291
By Philemon
294
Translations from Horace and Virgil
297
To the Rev W Unwin With the same Dec
298
To Dr James Cogswell On the Task and
300
To the same Publication of his first volume May 1
306
The origin of his translations from Milton
309
To the Rev Mr Hurdis Invitation to Weston
315
SI To the same On the design of his poems Mr
323
To the Rev J Newton In rhyme on his poetry
330
To the Rev W Unwin Brighton dissipation educa
339
To the same Danger of criticism to the taste young
350
To the same Pleasures of authorship Feb 16
359
To the Rev W Unwin Mr Newtons preface
365
Montes glaciales in Oceano Germanico natantes
367
To Lady Throckmorton On appropriating the pro
373
To the Rev W Unwin On the newspapers Mar 7
375
Example of Cowpers ingenuousness in speaking of him
381
The Connoisseur Nº 119
383

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10. oldal - As if increase of appetite had grown By what it fed on; and yet, within a month, Let me not think on't: Frailty, thy name is woman!
90. oldal - Find tongues in trees, books in the running brooks > Sermons' in. stones, and good in every thing.
94. oldal - They whose spirits are formed like mine, to whom a public exhibition of themselves, on any occasion, is mortal poison, may have some idea of the horrors of my situation ; others can have none.
150. oldal - For what is our hope, or joy, or crown of rejoicing? Are not even ye in the presence of our Lord Jesus Christ at his coming?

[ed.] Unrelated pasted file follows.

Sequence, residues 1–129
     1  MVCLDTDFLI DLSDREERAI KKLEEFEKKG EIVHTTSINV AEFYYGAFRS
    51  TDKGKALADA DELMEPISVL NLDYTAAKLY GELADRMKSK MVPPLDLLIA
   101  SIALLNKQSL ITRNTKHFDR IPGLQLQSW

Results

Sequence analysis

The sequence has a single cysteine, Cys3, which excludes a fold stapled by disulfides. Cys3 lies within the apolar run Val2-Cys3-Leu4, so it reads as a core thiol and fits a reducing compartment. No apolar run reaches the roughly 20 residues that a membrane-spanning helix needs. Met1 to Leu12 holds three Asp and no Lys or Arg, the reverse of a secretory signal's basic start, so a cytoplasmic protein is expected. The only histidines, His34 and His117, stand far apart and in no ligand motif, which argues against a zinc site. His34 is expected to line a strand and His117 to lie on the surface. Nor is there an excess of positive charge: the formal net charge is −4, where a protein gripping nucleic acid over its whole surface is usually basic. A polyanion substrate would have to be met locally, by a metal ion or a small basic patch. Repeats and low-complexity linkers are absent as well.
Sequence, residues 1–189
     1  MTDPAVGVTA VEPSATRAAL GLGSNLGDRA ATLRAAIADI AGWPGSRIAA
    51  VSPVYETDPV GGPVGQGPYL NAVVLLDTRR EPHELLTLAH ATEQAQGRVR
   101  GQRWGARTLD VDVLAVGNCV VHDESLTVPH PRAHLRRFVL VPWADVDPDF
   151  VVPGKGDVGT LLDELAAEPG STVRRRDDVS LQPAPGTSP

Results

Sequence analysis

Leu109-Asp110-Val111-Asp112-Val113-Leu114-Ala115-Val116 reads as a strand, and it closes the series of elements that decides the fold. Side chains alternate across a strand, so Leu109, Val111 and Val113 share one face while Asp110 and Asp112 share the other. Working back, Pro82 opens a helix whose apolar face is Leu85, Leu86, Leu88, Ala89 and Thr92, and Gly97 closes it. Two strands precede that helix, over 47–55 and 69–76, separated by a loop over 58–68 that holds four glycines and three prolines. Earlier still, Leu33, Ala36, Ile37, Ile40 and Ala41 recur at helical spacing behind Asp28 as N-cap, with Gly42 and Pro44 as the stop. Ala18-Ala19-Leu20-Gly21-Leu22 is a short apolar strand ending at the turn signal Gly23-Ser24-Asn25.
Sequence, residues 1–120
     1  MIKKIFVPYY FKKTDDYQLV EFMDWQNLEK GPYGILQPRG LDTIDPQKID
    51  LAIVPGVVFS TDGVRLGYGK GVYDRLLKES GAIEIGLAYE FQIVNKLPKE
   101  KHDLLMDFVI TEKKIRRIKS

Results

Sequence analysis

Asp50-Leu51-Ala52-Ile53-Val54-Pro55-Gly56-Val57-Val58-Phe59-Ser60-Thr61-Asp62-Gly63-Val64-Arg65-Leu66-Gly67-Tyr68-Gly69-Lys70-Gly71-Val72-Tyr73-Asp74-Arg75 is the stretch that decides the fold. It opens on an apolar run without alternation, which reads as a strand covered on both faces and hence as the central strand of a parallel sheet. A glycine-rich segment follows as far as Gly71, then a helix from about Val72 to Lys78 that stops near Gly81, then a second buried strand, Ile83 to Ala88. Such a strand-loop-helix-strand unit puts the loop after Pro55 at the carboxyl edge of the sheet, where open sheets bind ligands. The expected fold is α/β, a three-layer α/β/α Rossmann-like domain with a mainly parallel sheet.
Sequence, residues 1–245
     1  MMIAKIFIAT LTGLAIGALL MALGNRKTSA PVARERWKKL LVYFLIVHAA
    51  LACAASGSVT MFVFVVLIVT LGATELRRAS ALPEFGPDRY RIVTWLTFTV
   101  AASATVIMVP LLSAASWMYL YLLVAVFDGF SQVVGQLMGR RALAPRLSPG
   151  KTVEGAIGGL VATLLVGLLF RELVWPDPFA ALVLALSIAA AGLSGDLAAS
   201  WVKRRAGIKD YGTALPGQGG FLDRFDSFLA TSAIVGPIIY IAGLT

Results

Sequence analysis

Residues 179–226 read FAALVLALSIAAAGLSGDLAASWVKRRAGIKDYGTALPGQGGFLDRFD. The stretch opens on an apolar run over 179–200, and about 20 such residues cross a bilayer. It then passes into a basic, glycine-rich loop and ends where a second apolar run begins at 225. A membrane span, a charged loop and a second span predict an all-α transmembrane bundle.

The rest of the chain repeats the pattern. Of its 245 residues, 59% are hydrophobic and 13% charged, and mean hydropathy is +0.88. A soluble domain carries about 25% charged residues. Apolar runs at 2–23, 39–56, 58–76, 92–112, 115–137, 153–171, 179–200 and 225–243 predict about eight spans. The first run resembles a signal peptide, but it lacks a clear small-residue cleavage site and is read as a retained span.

297. oldal - On the whole it appears, and my argument shows With a reasoning the court will never condemn, That the spectacles plainly were made for the Nose, And the Nose was as plainly intended for them.
296. oldal - So Tongue was the lawyer, and argued the cause With a great deal of skill, and a wig full of learning ; While chief baron Ear sat to balance the laws, So famed for his talent in nicely discerning. In behalf of the Nose it will quickly appear, And your lordship...
352. oldal - To make verse speak the language of prose, without being prosaic, to marshal the words of it in such an order as they might naturally take in falling from the lips of an extemporary speaker, yet without meanness, harmoniously, elegantly, and without seeming to displace a syllable for the sake of the rhyme, is one of the most arduous tasks a poet can undertake. He that could accomplish this task was Prior ; many have imitated his excellence in this particular, but the best copies have fallen far short...
245. oldal - LADY. SWEET stream, that winds through yonder glade, Apt emblem of a virtuous maid — Silent and chaste she steals along, Far from the world's gay busy throng ; With gentle yet prevailing force, Intent upon her destined course ; Graceful and useful all she does, Blessing and blest where'er she goes, Pure bosom'd as that watery glass, And heaven reflected in her face.
162. oldal - At night we read, and converse, as before, till supper, and commonly finish the evening either with hymns, or a sermon, and last of all the family are called to prayers.
272. oldal - Gothic porch smothered with honeysuckles, their little gardens and high walls, their box-edgings, balls of holly, and yew-tree statues, are become so entirely unfashionable now, that we can hardly believe it possible, that a people who resembled us so little in their taste, should resemble us in any thing else.